Modern Fantasy, eh?

I was doing a little pre-work blog reading yesterday when I came across this gem. I really don't know what to call it. It's not an analysis because no actual analyzation happens during the post. It's not a review, because it's not aimed at a particular book but rather an entire subgenre (or maybe even genre as a whole). No, let's just call it an opinion. It's one man's opinion of the modern fantasy genre--specifically naming two of my favorite authors: Joe Abercrombie and Steven Erikson. And a kind opinion it is not.

I don't have anything to say about the article. Ok, that's not true. I have plenty to say. None of it is nice and I couldn't put even a fraction of it into less than a page. Hell. I'm going to try anyway.

It made my blood boil in the same way literary elitists in the English program at college did. Not just because it attacks writing I like. No, it attacks a whole category of Fantasy that I someday hope to be recognized within. It takes everything I do, all of my hopes and dreams and career aspirations, and calls them "postmodern blasphemies against our mythic tradition" because one elitist zealot has gone all St. Augustine on the literary tradition of Fantasy, with Tolkien and Robert E. Howard as his Lords and Saviors.

I love Grandpa Tolkien. You're going to find few modern fantasy writers that don't. Most owe their career to his influence, at least in part. Yet he is not the Fantasy Jehovah. His works are not law, cannonized by higher authority, their words sacred.

I won't even start into the comparison between Tolkien and modern writers. It's unfair, and frankly naive. Howard is a much better comparison and I would bet one of my dogs (the smart one) that the creator of Conan the Barbarian would love Abercrombie's First Law series or Erikson's Malazan Book of the Fallen.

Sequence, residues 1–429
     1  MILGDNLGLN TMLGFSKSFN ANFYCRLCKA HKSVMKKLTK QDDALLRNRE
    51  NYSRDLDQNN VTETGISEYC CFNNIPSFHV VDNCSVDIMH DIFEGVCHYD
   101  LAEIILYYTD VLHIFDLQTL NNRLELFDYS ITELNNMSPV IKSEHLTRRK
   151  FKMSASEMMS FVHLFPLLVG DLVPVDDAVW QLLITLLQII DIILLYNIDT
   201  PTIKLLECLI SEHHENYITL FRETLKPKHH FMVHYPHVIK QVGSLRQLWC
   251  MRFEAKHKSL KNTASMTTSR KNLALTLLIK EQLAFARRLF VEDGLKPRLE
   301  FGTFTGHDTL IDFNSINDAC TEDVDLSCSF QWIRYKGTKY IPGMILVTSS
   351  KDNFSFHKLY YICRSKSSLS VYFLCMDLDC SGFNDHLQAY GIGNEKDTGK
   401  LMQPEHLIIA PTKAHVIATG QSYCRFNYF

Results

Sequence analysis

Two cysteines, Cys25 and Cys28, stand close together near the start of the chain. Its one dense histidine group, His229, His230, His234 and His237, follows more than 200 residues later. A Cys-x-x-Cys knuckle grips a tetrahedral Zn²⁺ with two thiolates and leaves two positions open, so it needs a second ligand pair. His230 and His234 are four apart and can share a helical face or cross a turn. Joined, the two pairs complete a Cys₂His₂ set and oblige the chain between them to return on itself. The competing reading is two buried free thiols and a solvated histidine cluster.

I'm gonna stop now. I think my most apt description of that article is naive. Naive and foolish.

I actually came across the article from Joe Abercrombie's blog, where he wrote a response. It was enjoyable.

World Fantasy: Looking Back

World Fantasy was a wonderful time last year. I quite enjoyed it and though I didn't do the networking I needed, I feel that the overall experience was key in me getting out my queries and ultimately getting an agent. It gave me a sense of purpose and helped me realize (as I do every time I go to a convention) that I'm a small fish in an ocean. Or something like that. There are a lot of writers out there trying to break into the field and this knowledge, whether new or old, can be rather daunting.

I'm not sure what difference there was between Denver and LA Worldcons and World Fantasy in Columbus, but I was far more manic than I'd ever been before. I hardly slept the entire weekend. I wandered a lot, and when I did have a chance to talk to an editor I babbled. By the time the Saturday night parties started I was frazzled and sleep-deprived and finally gave up and drove home at about 10PM.

I was really nervous about approaching people. One of my big regrets was when a friend offered to introduce me to John Scalzi and I never took her up on it. Since, John's blog has been one of the many I've begun to follow. From a writer's standpoint I understand that his book reviews can really do wonders for a person's sales and some face time would have been nice even if my first book is still many years from print. From a personal standpoint his wit and opinions are just the kind I enjoy in a person and he seems like the kind of guy you want to be friends with. Makes me wish I had shaken his hand.

Linkety-link

I have gone through the bowels of hell and back again. Yes, that's right. I had a cold last weekend. I've spoken before about how I deal with illness (read: not well) so needless to say I'm glad to be back on the upswing. A full 522 page manuscript has been shipped of to Caitlin for her line edit. Honestly, I can't wait to get it back. I demolished 12K words during that last edit and the novel is much better for it.

Speaking of which, here's a blog post for you from Lightning and Lightning Bugs on Six Things I Wish I'd Known When Writing My First Novel.

I had the great benefit of taking Brandon Sanderson's Fantasy Writing Class at BYU and so I had this kind of advice earlier than most prospective authors but I think one really needs to finish their first novel and then read it a year later and realize what rubbish it is and learn these things for themselves. Early iterations of Butcher's Price amounted to well over 200K words of writing that I tossed in the trash can before actually finishing the novel (which didn't turn out quite as well as it should have anyway).